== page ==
Are you immune from the coronavirus once you've caught it? Some in the medical community don't seem quite sure at the moment.
"Coronaviruses aren't new; they've been around for a long, long time, and many species — not just humans — get them. So we know a fair amount about coronaviruses in general," Dr. Stephen Gluckman, an infectious diseases physician at Penn Medicine and the medical director of Penn Global Medicine, told the Huffington Post. "For the most part, the feeling is once you've had a specific coronavirus, you are immune. We don't have enough data to say that with this coronavirus, but it is likely."
A novel idea
Miami Beach Commissioner Ricky Arriola isn't sure, either, and asked that very question at an emergency meeting Friday, the Miami New Times reported. But he also proposed what he termed a "dangerous but bold" idea to combat the pandemic that's turning more than a few heads.
Arriola said the city should consider allowing its first responders to voluntarily contract the coronavirus so they can develop antibodies to the disease.
He termed it "taking one for the team," that the process would be "like a chickenpox," and that "it is our job to think boldly, and we've got to start thinking about this."
Arriola proposed his idea after Miami Beach Mayor Dan Gelber said he's concerned that the city's first responders might unknowingly spread the virus to residents and one another, the New Times reported.
"Frankly, if I had one message to send out to other people right now in government, at other levels of government, I'd say we desperately need to be able to test as much as we want to test and as often as we can test," Gelber said, the paper noted. "We are this close to losing a lot of our first responders, and I don't want to sound like the sky is falling, but that is something that could happen at any moment, and if it does, I think we'd be in a terrible place."
What else did Arriola say?
The New Times interviewed Arriola later about his proposal, and while he's still in favor of looking at it, he wouldn't want to move forward until medical experts offer guidance.
"I'm trying to be forward-looking and ask tough questions because if you don't and this thing catches you by surprise, society could shut down," he told the paper.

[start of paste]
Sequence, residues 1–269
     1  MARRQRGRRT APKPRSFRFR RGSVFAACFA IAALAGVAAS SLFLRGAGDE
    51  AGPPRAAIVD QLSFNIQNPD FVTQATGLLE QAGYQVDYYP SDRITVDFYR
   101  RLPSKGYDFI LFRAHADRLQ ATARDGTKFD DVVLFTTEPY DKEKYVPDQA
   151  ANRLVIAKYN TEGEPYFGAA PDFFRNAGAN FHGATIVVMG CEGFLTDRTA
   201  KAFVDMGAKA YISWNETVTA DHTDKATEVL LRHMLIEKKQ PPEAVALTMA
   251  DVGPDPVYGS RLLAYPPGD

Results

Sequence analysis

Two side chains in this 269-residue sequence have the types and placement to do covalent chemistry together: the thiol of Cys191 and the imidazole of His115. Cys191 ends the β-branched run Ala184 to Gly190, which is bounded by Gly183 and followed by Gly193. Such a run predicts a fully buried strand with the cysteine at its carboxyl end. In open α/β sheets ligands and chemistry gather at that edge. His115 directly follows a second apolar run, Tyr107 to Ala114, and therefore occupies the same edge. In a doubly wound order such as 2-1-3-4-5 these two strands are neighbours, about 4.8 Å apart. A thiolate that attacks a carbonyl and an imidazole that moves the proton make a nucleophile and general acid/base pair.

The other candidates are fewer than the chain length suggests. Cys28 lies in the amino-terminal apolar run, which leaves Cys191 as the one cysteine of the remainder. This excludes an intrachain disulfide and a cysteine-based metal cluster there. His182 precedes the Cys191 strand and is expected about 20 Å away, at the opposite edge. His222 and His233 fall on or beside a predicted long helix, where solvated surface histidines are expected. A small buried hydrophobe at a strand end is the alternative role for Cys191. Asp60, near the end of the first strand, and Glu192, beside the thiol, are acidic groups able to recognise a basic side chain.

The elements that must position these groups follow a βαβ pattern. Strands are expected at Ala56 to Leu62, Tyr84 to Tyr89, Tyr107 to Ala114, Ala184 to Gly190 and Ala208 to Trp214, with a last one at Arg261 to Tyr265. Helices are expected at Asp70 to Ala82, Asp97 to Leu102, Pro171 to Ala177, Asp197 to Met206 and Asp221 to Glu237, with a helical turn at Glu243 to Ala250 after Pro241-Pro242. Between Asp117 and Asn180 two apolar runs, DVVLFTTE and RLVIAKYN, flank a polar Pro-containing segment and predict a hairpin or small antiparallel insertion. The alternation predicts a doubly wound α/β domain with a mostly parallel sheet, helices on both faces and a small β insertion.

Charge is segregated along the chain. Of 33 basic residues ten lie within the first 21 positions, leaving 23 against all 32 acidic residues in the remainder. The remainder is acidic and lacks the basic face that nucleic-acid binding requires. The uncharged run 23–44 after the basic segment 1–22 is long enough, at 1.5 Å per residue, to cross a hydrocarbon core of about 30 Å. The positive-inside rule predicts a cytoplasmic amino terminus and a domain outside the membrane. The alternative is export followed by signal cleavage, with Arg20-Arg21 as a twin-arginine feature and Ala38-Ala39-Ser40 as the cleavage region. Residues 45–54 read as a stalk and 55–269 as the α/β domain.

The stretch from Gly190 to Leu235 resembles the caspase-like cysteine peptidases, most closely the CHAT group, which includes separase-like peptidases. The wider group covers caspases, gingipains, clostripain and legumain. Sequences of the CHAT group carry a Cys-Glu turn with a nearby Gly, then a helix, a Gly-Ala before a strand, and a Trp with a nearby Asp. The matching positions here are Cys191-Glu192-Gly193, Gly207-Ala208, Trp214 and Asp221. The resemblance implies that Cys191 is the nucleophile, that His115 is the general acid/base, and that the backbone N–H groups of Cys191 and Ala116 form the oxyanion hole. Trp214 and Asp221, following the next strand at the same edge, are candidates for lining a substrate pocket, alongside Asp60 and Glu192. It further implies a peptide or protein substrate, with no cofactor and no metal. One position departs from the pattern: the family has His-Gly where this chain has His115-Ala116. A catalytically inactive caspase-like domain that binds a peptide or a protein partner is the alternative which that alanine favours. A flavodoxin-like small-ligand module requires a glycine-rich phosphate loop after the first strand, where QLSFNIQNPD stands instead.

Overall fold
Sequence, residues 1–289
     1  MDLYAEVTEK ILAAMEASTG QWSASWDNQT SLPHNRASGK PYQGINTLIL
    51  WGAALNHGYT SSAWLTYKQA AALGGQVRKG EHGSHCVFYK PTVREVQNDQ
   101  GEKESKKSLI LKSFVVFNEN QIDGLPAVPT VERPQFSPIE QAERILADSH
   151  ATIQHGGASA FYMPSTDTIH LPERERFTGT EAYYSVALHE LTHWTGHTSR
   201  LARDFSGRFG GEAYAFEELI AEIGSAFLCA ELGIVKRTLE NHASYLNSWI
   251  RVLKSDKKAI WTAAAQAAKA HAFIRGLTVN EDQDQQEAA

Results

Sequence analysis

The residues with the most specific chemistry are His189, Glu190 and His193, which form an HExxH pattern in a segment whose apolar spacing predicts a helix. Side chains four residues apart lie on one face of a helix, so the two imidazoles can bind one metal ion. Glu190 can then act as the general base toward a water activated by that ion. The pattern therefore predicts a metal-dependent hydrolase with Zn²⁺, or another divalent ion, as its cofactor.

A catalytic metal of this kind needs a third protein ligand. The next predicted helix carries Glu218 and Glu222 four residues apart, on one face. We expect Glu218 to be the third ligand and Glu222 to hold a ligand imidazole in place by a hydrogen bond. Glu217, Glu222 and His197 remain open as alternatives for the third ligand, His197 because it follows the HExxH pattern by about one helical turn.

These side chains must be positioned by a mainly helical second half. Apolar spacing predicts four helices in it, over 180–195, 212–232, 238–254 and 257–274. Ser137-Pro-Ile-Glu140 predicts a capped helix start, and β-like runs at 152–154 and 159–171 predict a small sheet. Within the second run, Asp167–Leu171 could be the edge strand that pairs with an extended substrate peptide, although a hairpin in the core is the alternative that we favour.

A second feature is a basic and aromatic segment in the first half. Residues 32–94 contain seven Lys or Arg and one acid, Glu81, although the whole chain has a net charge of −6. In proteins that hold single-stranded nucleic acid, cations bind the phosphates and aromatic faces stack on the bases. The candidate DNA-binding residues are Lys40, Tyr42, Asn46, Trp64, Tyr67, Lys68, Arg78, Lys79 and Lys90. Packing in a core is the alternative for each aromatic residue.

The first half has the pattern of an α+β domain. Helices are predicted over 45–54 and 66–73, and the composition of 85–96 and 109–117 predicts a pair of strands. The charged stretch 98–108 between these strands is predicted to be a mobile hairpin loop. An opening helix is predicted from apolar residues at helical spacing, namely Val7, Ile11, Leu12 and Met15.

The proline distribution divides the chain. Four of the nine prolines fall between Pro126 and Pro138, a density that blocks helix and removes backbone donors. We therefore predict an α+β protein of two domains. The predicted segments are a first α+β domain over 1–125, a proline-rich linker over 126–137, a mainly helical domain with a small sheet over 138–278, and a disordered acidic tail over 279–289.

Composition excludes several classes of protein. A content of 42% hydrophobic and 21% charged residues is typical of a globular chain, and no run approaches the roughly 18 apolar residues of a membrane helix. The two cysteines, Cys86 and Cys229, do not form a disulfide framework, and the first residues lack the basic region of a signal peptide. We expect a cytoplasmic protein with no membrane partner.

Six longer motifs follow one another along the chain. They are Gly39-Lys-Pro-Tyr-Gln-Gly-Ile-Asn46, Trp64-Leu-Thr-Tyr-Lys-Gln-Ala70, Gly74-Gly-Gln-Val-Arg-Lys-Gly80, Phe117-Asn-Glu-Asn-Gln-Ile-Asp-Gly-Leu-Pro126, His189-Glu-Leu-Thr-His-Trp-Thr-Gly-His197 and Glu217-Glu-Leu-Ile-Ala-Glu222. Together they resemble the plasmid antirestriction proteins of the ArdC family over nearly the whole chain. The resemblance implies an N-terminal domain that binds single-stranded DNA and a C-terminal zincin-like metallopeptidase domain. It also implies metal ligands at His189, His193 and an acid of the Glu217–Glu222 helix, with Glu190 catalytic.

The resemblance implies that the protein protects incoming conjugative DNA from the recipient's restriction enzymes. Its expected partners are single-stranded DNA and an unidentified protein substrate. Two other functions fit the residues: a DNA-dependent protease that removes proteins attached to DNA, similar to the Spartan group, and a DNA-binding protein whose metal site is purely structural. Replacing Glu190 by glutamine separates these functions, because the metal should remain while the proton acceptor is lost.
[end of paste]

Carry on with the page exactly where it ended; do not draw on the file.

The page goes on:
Arriola shuddered at the thought of losing large numbers of first responders all at once, the New Times said.
"What are we gonna do in the event that our first responders start getting either exposure to the virus or catch the virus, and we lose 25 percent, 50 percent of our first responders? If we're in a state of curfew or martial law, and we have 50 percent of our first responders, what do we do?" Arriola asked.
Therefore he said it might be a good idea to expose willing first responders to the virus in a controlled setting with medical supervision, the paper said — and he'd be willing to join them.
"It's a matter of, 'Do you want to just randomly get it, or do you want to control when you get it?'" he told the New Times. "Does it make sense to do this in a controlled, safe environment so they have immunity?"
'Disgusting and dangerous remarks'
The National Fraternal Order of Police pushed back hard against Arriola's proposal over the weekend.
"As we have a police officer in Texas in critical condition, fighting for his life, from contracting the coronavirus, City of Miami Beach Commissioner Ricky Arriola suggests we purposely infect first responders with the virus," the group noted on a Facebook post.
"Let us assure you," the group's post continued, "there is nothing bold about intentionally infecting human beings with a pandemic just because of who they are. Police officers 'take one for the team every day, commissioner. Purposely harming us and our families with your idiotic idea is not what anyone expects of our elected officials. The entire first responder community deserves an apology for your disgusting and dangerous remarks."
(H/T: Blue Lives Matter)